"We could use some more tenure-line faculty, obviously," Richmond said. "The numbers are down, but no one is very optimistic about our getting them."

Different needs
Perhaps not all faculty positions need to be tenured, points out Faye Whitaker, associate provost. For instance, the administration is thinking of hiring practitioners, in this case veterinarians, to work full time in the Vet Med clinics. This not only would free up tenure-line faculty to teach and conduct research, it also would allow the university to hire specialists (for example, an expert in animal ophthalmology) who do not wish to take on all the duties of tenure-line faculty, she said.

"Tenure-line faculty have a complex set of responsibilities covering scholarship, discovery and engagement," she said. "But we also have a need for people with targeted expertise, primarily in the clinical areas and in teaching."

She added that needs vary greatly at the university, and sometimes bringing in a practitioner can be a benefit to a department and its students.

"For example, in architecture they might bring in a practitioner to enhance the educational program. It's good to have people from the professional world. They bring a perspective those perpetually in faculty roles don't have."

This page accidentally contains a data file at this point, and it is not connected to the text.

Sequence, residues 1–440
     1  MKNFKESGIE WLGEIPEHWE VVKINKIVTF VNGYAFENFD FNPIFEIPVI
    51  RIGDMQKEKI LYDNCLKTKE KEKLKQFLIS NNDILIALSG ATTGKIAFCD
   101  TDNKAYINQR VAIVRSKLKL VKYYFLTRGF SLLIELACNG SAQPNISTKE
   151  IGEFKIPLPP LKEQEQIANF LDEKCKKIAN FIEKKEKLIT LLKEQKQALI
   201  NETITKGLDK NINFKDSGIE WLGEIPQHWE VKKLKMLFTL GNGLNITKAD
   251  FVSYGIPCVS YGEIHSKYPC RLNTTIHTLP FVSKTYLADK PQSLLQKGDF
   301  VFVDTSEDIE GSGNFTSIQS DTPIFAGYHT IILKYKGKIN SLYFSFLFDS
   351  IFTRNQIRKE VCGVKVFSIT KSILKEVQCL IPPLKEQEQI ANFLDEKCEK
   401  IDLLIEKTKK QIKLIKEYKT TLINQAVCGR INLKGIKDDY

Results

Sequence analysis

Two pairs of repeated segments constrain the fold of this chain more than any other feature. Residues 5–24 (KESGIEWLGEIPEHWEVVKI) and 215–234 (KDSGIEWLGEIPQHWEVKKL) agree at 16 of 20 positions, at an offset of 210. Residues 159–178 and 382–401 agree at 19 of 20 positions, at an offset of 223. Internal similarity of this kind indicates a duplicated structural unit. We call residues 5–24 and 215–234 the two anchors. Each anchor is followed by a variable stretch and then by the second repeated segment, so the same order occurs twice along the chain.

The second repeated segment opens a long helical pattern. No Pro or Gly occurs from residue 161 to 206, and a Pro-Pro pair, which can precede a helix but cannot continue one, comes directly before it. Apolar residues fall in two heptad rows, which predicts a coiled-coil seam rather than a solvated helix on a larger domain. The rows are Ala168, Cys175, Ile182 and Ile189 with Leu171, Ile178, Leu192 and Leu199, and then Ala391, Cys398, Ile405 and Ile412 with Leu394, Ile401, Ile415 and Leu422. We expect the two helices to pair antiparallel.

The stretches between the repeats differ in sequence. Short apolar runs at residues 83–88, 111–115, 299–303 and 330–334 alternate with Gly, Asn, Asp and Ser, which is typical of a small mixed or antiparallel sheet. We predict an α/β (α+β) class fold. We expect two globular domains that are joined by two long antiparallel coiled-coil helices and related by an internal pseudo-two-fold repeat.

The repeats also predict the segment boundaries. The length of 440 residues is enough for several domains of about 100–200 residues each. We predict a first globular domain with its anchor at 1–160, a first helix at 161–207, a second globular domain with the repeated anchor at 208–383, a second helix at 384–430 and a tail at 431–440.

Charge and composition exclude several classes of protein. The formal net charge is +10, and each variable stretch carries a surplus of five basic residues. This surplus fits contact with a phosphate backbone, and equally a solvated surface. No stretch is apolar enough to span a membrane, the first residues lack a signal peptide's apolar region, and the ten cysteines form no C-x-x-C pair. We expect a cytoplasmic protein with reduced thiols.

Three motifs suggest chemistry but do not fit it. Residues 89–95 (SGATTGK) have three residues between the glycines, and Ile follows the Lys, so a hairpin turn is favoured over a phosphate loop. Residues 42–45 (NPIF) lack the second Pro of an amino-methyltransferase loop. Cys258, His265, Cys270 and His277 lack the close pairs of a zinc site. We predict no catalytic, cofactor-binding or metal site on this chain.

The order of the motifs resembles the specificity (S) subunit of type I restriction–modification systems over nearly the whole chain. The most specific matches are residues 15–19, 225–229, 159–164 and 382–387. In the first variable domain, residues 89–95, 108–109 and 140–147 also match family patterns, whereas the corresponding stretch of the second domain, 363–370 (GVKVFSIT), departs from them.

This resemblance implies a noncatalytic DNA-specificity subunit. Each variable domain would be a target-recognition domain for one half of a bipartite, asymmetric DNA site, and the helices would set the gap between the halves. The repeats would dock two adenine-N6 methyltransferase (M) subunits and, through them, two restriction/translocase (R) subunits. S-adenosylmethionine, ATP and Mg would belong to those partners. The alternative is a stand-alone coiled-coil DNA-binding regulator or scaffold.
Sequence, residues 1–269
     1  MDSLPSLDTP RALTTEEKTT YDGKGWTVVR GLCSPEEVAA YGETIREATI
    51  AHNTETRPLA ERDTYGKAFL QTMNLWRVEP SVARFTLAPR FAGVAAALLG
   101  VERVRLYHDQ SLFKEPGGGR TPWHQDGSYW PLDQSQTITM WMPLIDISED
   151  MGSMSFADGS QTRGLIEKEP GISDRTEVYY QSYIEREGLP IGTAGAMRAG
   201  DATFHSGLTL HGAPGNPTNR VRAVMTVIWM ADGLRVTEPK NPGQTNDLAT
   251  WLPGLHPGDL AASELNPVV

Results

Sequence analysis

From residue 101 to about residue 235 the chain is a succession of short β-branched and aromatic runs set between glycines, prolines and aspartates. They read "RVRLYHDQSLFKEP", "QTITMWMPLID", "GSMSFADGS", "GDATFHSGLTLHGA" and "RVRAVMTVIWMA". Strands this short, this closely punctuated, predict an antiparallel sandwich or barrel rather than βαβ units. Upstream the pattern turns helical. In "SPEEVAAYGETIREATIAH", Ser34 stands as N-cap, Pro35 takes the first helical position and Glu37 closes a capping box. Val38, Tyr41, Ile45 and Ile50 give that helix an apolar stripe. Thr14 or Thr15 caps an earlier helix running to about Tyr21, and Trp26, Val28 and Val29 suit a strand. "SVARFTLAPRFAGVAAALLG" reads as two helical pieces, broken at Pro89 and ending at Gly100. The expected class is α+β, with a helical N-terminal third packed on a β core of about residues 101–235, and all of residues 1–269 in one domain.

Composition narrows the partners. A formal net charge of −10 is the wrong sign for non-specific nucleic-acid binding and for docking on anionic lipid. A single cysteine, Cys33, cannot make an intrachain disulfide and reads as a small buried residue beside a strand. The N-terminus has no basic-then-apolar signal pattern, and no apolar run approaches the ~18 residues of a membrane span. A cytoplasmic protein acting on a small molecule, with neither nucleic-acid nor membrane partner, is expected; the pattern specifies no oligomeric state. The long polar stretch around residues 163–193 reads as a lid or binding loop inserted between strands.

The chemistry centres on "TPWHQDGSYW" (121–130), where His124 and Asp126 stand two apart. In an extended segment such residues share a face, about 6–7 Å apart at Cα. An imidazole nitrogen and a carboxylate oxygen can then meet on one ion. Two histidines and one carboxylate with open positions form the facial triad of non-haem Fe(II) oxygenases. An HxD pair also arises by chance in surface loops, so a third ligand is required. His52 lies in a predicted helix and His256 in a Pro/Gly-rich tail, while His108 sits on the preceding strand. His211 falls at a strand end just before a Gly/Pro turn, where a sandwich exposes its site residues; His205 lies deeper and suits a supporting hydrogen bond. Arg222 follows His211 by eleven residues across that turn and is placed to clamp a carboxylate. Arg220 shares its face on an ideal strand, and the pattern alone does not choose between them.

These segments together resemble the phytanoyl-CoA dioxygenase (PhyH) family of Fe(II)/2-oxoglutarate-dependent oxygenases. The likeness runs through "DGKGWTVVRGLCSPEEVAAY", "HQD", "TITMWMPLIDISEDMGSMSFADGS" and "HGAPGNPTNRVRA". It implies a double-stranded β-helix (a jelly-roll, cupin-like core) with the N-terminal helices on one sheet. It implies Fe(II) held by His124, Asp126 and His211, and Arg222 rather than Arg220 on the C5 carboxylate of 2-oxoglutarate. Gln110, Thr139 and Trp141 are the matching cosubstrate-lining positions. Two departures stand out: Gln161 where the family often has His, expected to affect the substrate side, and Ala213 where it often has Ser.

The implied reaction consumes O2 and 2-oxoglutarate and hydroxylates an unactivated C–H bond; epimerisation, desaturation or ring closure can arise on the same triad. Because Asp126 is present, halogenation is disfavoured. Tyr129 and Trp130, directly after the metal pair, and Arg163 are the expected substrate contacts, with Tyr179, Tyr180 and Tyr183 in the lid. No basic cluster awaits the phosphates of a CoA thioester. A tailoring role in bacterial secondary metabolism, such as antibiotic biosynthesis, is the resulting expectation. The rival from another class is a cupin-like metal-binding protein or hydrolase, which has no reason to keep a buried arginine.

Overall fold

The College of Education also uses a number of practitioners to supervise its student teachers.

Lasting situation
Not all non-tenure track faculty teach. There is a small group who are employed full time, usually at the various research centers on campus.

"While the exact number of full-time, non-tenured research faculty at ISU has not been determined," the task force report said, "the number appears to be manageable and probably small compared to that at other research universities."

Whitaker pointed out, "There always will continue to be temporary needs. We may need to hire temporary faculty to fill in for someone on leave, for example. And we can't always predict how big our freshman class will be. I expect there would continue to be a mix of continuous non-tenure track faculty and temporary faculty."

Richmond agrees with the senate task force that in an "ideal" world, nearly all faculty would be tenure-line, but he quickly points out, "I don't live in an ideal world." Even if he suddenly were handed $50 million for faculty salaries, he said he would reserve some of that for temporary faculty.